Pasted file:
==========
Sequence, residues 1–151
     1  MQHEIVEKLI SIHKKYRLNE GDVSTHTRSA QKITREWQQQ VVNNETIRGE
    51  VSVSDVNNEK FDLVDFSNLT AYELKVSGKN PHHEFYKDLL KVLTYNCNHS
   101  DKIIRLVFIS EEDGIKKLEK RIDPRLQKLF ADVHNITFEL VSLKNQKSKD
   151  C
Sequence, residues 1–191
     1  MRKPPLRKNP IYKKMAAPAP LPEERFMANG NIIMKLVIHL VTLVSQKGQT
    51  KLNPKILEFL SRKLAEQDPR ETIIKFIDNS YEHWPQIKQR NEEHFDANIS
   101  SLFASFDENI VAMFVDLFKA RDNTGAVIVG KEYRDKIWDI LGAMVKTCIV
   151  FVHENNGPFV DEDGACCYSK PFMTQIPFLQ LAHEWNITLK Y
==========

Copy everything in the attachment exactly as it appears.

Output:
Sequence, residues 1–151
     1  MQHEIVEKLI SIHKKYRLNE GDVSTHTRSA QKITREWQQQ VVNNETIRGE
    51  VSVSDVNNEK FDLVDFSNLT AYELKVSGKN PHHEFYKDLL KVLTYNCNHS
   101  DKIIRLVFIS EEDGIKKLEK RIDPRLQKLF ADVHNITFEL VSLKNQKSKD
   151  C
Sequence, residues 1–191
     1  MRKPPLRKNP IYKKMAAPAP LPEERFMANG NIIMKLVIHL VTLVSQKGQT
    51  KLNPKILEFL SRKLAEQDPR ETIIKFIDNS YEHWPQIKQR NEEHFDANIS
   101  SLFASFDENI VAMFVDLFKA RDNTGAVIVG KEYRDKIWDI LGAMVKTCIV
   151  FVHENNGPFV DEDGACCYSK PFMTQIPFLQ LAHEWNITLK Y